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steeley

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[video]http://youtu.be/5F8PedsUmB0[/video]


fun little video
 

Marko Tsourkan

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[video]http://youtu.be/5F8PedsUmB0[/video]


fun little video
Cool video, though I would not run and buy his DVD if you think about making sayas. I would buy one or two saya chisels, a small bandsaw and 6x48 belt sander (if possible). These tools along with rasps, clamps, granite plate (flattening) will be all you need to make a saya. Don't bother about Dremmel, router, etc. You will get better results (and work faster) with hand tools.

M
 

Eamon Burke

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I don't understand, Marko, aside from his saw not being small, and using a different kind of sander, he uses almost exactly those tools. He doesn't use a dremel or router to shape the saya...
 

Pensacola Tiger

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Cool video, though I would not run and buy his DVD if you think about making sayas. I would buy one or two saya chisels, a small bandsaw and 6x48 belt sander (if possible). These tools along with rasps, clamps, granite plate (flattening) will be all you need to make a saya. Don't bother about Dremmel, router, etc. You will get better results (and work faster) with hand tools.

M
Marko,

Would you provide links to saya chisels you recommend for us?

Rick
 

SpikeC

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A paring chisel could be modified to do this without too much effort, for a lot less money!
 

steeley

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bent shank paring chisel .
there is a lot of info out there mostly in sword sites.
[/IMG]
 

Marko Tsourkan

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Are all three sizes necessary, or will one do for a beginner?
Yes, JWW chisels are same chisels I use. Unlike other chisels, they are quite long and flex, which allows you to apply pressure while carving. Sharpening them can be a little challenging, due to the bull nose tips.

I have two smaller sizes - I think it's 12mm and 16mm chisels and find them fully adequate. I use a small size to do an outline and to shape the edges and the larger to do most stock removal. The largest (25mm) size would be useful for tall knives' sayas, like cleaver, but even those I carve with smaller chisels.

My comment about using Dremel tool or routers in carving a saya cavity was not in the connection with the video. That was just an OT comment based on personal experience.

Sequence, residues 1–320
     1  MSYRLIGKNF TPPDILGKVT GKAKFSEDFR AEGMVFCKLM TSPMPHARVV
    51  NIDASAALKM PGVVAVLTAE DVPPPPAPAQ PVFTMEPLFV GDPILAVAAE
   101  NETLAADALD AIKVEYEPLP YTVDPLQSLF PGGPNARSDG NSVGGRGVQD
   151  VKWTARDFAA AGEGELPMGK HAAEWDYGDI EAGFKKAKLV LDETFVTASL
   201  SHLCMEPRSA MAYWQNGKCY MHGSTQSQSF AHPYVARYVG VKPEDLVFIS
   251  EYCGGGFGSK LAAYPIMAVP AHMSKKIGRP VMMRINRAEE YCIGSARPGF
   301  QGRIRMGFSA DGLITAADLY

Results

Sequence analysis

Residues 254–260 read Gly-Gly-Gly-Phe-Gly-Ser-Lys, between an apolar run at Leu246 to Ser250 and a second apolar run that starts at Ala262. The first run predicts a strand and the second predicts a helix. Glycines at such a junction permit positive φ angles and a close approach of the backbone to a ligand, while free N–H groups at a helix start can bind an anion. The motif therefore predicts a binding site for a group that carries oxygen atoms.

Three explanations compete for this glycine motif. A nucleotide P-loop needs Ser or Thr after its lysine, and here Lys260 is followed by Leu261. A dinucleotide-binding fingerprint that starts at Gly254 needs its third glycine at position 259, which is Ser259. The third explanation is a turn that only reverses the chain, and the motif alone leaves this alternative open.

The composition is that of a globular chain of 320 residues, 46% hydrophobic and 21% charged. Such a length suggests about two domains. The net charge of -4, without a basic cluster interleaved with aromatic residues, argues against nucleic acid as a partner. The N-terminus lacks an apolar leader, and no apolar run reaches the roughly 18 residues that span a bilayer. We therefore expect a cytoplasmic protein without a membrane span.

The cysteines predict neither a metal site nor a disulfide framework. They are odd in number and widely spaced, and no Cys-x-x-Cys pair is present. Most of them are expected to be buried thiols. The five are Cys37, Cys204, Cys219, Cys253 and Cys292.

Also, unlike on swords sayas, on knife sayas you only carve a cavity on one side.

M
 

Marko Tsourkan

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A paring chisel could be modified to do this without too much effort, for a lot less money!
Paring chisel won't give you much flex. It might work adequately for small knives' sayas, but once you start carving sayas for 240-300mm, you will see the deficiency. Same can be said about all other chisels out there, even the offset ones.

If you plan on making a few sayas for your knives, buy right tools. It will make your work easier and quality of your work better.

M
 

steeley

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Thank you for your answer Marko Saya-Nomi seems like the way to go.
also Marko has post on KF about the saya making. if you search for it .
The Saya-shi is the scabbard maker who construct the Saya and Tsuka with the material, Ho-no-ki ( Japanese magnolia wood ), which are the products of Japan.
 

Pensacola Tiger

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Paring chisel won't give you much flex. It might work adequately for small knives' sayas, but once you start carving sayas for 240-300mm, you will see the deficiency. Same can be said about all other chisels out there, even the offset ones.

If you plan on making a few sayas for your knives, buy right tools. It will make your work easier and quality of your work better.

M
Thanks for your reply, Marko. I appreciate it.

Rick
 

Eamon Burke

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My comment about using Dremel tool or routers in carving a saya cavity was not in the connection with the video. That was just an OT comment based on personal experience.
Ah that makes sense. Yeah, I bet it's rare to see a chisel burn the wood from a 1/2 second pause.
 

Marko Tsourkan

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It's not that much about burning wood, as for being in control how much wood you remove, at which angle etc. I carve sayas with same geometry in the cavity as on the knife, so there is little to no movement inside the saya once a knife is in. I include apin as a extra protection, but often it is not needed.

M
 
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